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Ensure Road Safety For Children With Tactical Intervention And Save Young Lives

Tactical urbanism can be a promising solution to reduce and prevent child road fatalities, which costs India 3 percent of its GDP. A safe commute to school is every child’s right. So save young lives and help prosper the nation, suggests Aishwarya Agarwal on the occasion of Children’s Day.

India has done a commendable job in scaling up immunisation through intensive vaccination drives to protect children’s lives from diseases such as tuberculosis, hepatitis B, polio, measles, etc., and most recently Covid-19. But what remains unaddressed is the man-made epidemic — road traffic fatalities! Road traffic injuries are the leading cause of death for children and adolescents worldwide. Therefore, road safety for 128 million children residing in urban India deserves urgent attention.

Parents are frequently concerned about their children walking or cycling alone to school. This is justified because the National Crime Records Bureau 2021 statistics show that 14,875 children under the age of 18 died in road accidents in India. This translates to 40 children dying every day. Road fatalities involving children under the age of 18 accounted for 9.5 percent of all road fatalities in 2021, an increase from 6.4 percent in 2017. According to a 2019 study conducted by the National Institute of Mental Health and Neurosciences (NIMHANS), and Underwriters Laboratories in Bengaluru, approximately 2 percent of children injured in a road accident are likely to develop a lifelong disability. These figures leave little doubt that the need to make commutes safer for millions of school-going children has become even more pressing.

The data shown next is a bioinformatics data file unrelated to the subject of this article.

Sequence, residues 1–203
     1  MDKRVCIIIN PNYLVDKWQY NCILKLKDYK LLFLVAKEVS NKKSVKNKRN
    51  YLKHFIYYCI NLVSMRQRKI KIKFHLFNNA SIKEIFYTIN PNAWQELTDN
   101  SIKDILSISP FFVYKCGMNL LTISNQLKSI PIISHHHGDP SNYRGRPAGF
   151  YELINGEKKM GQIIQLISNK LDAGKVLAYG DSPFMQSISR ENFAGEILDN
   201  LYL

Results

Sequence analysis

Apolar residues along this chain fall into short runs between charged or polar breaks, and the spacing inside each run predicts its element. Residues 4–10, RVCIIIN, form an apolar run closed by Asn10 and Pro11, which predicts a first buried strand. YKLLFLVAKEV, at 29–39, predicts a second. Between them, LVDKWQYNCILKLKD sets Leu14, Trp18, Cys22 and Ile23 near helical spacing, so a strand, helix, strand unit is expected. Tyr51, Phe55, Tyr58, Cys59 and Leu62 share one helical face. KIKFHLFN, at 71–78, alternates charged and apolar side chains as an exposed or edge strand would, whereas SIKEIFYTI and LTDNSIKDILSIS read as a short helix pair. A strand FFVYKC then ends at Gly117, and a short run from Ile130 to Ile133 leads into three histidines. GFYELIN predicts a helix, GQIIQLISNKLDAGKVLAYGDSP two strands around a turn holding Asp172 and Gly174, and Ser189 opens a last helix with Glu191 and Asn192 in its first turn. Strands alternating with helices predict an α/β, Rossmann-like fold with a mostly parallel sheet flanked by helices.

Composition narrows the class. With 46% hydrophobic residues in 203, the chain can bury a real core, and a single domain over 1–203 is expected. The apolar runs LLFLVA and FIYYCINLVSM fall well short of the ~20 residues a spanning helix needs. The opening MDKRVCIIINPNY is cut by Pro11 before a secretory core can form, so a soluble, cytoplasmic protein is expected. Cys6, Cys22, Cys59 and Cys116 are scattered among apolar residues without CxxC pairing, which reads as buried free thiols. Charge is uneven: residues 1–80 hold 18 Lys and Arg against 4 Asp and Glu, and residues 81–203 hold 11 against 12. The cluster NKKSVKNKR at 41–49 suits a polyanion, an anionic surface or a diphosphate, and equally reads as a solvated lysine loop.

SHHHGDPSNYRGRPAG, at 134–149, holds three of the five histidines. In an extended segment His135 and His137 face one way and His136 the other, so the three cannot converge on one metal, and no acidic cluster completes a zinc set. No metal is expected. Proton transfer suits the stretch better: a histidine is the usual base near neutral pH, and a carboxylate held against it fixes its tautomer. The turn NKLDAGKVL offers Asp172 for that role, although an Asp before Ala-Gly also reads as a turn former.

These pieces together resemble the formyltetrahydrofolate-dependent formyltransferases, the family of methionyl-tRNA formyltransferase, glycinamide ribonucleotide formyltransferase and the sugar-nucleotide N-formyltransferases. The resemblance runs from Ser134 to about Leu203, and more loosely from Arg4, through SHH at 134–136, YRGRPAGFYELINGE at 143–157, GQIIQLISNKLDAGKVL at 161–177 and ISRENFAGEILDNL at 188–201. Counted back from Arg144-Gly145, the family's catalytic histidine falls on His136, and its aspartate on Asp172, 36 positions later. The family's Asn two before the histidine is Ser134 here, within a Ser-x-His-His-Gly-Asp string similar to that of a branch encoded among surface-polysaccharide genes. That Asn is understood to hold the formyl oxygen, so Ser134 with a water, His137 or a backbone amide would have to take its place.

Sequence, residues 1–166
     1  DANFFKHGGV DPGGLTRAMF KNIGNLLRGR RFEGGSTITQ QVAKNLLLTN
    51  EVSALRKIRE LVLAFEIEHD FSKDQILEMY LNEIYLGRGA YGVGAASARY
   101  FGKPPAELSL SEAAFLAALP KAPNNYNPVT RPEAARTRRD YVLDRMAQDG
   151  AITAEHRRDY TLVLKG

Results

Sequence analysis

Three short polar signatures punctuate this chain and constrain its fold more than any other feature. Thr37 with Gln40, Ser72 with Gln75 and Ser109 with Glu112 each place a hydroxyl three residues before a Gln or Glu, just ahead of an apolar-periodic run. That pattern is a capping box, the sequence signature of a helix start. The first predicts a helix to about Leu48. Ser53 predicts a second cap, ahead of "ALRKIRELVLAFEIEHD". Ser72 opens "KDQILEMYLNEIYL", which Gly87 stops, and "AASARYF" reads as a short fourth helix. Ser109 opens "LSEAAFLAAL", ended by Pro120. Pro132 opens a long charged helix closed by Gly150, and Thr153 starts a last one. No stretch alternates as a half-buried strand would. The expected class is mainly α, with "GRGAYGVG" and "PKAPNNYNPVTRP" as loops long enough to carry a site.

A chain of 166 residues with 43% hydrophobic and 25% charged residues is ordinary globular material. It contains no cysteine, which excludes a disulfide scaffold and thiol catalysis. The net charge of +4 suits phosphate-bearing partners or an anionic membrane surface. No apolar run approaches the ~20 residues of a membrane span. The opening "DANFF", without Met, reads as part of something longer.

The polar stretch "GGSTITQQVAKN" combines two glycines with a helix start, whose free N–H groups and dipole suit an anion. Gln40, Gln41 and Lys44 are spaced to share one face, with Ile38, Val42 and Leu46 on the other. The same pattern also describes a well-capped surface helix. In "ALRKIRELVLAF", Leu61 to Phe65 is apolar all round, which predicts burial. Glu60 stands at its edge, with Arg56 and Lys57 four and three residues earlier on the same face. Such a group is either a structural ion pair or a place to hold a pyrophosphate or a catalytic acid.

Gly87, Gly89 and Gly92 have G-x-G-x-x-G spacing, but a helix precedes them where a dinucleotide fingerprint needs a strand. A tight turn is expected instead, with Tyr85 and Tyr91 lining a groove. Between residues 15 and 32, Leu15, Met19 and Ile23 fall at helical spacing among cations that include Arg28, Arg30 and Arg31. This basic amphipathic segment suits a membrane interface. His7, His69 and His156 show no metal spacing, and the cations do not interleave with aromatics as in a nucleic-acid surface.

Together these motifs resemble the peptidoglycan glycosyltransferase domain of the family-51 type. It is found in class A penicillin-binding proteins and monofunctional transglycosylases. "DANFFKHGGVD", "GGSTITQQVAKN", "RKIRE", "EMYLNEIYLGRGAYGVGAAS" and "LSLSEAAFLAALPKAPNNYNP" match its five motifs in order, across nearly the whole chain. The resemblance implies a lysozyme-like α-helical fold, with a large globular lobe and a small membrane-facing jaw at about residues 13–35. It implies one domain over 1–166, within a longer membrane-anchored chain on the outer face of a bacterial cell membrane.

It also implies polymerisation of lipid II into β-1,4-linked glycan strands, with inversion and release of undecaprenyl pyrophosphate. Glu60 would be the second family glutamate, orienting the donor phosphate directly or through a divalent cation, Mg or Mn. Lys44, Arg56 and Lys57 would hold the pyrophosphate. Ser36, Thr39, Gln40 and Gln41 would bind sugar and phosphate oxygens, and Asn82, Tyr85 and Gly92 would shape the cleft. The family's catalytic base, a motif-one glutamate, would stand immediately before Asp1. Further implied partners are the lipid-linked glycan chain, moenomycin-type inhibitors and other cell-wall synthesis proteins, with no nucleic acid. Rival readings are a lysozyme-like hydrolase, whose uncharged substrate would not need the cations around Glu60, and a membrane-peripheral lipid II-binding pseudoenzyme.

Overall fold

The problem is that policymakers rarely consider children as key users of mobility infrastructure. When planning and designing mobility systems, children are often under-prioritised or even overlooked. They are typically not visible in mobility datasets and are taken for granted as pedestrians or cyclists. As a result, uniform legal guidelines to ensure every child’s safety during their school commute are currently lacking. Traffic congestion, poor road infrastructure, speeding vehicles, disrespectful behaviour from other road users, and lax enforcement of laws, all contribute to the everyday risks that children face on their way to and from school. Addressing these challenges may necessitate behavioural changes, but a closer look reveals that the underlying problem is a lack of infrastructure. Good quality footpaths and cycle lanes with clear distinctions from roads, dedicated waiting spaces near bus stops, demarcated parking for auto-rickshaws, safe and frequent crossings, traffic calming measures such as speed bumps, installation of traffic signals and signages, and so on are just a few of the infrastructure interventions required to make school-surrounding areas safe.

Traditional street infrastructure projects are time-consuming and capital-intensive. Furthermore, not all solutions have the desired impact; thus, tactical urbanism. It is the temporary nature of tactical urbanism that allows for experimentation, with failures discarded and successes made more permanent. Tactical interventions make use of simple changes, visual connections, and temporary installations like cones, barricades, and ropes and the use of colours.